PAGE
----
Typically, the floor area calculation used in working out your deductible expenses will also be used here. Starting from the date on which the property was first used to generate income, a proportion of the gain based on the floor area which was available for rent will be chargeable to tax. This gain will also usually qualify for the 50% Capital Gains Tax discount.
Almost certainly not. Good and services tax (GST) doesn't apply to residential rents, so you're not liable for GST on the rent you charge, and can't claim GST credits for associated costs. This is the case even if your turnover exceeds the GST threshold of $75,000.
Let’s look at an ATO supplied example:
Sue owns a house with two furnished bedrooms. She advertises the rooms separately on Airbnb to guests who pay to rent the rooms on a nightly or weekly basis. Sue provides linen only. Renting out a room in your house is an input taxed supply of residential rent. Sue isn’t required to charge GST, but similarly won’t be able to claim GST included in expenses she incurs in renting out the rooms.
At year’s end, Sue includes all the rental income in her tax return and claims a deduction for the fees charged by Airbnb. She also claims for a proportion of her mortgage, electricity and other renting expenses. If Sue sells the home, she’ll have capital gains to account for as the home has been used partially for rental income purposes.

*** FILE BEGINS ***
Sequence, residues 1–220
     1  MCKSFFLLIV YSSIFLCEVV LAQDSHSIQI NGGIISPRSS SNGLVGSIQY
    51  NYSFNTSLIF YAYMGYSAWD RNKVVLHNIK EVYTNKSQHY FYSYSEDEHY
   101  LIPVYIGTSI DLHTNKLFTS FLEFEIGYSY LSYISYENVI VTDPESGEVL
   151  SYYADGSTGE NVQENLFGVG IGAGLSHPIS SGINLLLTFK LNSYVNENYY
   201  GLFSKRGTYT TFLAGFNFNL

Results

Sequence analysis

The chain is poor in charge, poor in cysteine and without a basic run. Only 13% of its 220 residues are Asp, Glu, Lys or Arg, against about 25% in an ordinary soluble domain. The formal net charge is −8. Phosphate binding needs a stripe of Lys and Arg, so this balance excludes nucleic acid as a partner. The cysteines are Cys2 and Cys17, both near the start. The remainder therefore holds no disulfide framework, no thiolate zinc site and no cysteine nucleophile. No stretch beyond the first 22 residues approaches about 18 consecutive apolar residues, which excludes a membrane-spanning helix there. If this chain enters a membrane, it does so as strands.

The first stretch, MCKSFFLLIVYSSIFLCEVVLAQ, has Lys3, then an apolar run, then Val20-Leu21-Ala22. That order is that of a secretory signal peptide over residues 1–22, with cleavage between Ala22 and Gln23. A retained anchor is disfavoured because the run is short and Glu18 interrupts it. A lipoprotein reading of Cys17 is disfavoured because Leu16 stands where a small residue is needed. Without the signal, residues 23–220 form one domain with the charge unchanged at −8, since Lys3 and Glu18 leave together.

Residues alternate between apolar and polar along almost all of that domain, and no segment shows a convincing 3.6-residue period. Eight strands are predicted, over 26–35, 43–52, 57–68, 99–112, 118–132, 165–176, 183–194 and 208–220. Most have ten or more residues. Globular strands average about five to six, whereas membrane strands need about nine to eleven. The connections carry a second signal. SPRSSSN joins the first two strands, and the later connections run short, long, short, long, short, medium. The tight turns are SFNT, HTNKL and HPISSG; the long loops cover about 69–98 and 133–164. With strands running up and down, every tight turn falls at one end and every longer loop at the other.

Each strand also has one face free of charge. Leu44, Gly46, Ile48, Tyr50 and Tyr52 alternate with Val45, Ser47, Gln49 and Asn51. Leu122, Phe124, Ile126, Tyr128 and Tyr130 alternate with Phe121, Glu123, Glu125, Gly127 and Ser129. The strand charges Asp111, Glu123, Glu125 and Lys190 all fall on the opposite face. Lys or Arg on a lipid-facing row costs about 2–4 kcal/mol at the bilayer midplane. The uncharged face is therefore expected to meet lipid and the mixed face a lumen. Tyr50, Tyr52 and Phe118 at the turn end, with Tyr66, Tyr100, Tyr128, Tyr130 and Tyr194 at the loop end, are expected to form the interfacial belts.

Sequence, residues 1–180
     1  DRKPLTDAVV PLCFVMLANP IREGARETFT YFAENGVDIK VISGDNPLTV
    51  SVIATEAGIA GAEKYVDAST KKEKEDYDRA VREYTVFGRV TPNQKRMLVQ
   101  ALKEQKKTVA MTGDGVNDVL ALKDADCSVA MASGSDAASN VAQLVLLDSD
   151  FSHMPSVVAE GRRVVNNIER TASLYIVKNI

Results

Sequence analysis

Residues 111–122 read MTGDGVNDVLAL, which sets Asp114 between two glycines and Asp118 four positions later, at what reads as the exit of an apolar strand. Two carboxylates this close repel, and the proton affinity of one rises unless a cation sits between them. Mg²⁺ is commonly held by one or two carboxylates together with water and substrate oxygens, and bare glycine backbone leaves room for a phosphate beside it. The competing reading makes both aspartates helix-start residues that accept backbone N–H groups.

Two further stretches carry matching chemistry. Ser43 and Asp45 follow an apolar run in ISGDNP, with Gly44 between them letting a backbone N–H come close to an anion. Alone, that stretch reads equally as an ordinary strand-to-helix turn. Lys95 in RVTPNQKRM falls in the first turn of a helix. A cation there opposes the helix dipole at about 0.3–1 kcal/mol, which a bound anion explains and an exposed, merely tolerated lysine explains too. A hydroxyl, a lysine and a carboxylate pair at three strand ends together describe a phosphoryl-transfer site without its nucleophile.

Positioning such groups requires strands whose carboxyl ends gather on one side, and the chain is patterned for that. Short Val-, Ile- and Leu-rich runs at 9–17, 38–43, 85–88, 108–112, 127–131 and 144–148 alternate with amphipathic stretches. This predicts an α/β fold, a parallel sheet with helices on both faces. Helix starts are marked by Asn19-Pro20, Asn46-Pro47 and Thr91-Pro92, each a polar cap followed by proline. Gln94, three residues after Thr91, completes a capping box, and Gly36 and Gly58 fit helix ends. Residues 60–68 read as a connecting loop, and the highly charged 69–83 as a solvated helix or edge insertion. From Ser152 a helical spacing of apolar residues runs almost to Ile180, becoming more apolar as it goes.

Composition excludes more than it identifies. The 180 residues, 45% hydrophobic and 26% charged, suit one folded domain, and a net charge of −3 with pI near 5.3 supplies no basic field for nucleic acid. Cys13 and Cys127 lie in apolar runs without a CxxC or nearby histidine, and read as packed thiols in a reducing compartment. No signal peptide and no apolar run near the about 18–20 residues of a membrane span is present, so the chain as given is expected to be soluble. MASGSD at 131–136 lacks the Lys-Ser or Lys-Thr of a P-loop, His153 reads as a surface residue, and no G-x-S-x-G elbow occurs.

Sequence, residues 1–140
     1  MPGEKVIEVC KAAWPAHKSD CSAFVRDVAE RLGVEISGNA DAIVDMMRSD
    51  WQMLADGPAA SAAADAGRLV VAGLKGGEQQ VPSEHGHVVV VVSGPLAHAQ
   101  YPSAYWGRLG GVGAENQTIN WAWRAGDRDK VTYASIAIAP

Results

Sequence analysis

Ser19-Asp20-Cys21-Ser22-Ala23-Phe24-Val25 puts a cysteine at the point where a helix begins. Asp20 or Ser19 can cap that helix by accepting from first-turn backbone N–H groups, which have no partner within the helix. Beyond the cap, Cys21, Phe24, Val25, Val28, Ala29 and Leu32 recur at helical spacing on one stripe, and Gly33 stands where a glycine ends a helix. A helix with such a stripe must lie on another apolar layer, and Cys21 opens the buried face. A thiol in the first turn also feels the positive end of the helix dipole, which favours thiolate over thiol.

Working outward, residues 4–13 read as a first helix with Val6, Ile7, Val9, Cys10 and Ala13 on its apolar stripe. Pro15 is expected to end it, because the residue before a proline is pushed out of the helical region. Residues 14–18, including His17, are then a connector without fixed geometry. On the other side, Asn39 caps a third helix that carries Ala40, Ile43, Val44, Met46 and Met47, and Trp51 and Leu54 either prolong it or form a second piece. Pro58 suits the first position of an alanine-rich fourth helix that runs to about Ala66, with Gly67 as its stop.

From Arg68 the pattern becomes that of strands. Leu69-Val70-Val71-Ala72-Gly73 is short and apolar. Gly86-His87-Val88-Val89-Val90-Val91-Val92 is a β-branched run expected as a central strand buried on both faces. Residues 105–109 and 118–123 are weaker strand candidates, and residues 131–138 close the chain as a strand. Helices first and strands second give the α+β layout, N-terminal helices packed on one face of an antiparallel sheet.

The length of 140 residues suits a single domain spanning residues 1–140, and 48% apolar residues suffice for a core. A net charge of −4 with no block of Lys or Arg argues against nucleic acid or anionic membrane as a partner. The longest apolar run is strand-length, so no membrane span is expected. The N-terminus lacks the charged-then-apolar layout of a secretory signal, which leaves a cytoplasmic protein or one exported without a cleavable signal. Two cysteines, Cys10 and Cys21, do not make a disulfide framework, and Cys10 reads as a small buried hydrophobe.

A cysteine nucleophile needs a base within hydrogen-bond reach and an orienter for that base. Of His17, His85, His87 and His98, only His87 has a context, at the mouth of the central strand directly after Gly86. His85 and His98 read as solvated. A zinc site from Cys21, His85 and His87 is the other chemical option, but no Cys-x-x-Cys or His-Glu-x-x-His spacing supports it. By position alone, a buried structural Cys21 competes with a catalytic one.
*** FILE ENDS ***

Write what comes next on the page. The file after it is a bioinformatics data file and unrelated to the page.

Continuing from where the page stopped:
The ATO has its eyes on those using Airbnb to make a few extra dollars. To stay above board, keep proper records of all income earned and allowable deductions for which you’re claiming. This includes details of how you’ve apportioned expenses which are partially for private use.
Get advice from your accountant before becoming an Airbnb host. Make sure you are fully across all the potential tax impacts of renting your property before you list it.
Get a market valuation of the property at the date you start renting it out. This can be essential for CGT purposes, particularly where the house you are renting out is also the one you live in.
Disclose all you Airbnb income in your tax return and make sure you claim all the deductions you are entitled to.
Consider getting a quantity surveyors report to maximise your depreciation deductions.
Keep records of all your income and expenses. The ATO may ask to see them, particularly if they query an expense.
To find out more about how to record your Airbnb income and make the most of your potential deductions, talk to one our tax consultants.
Use our office locator and find your nearest H&R Block office or call 13 23 25.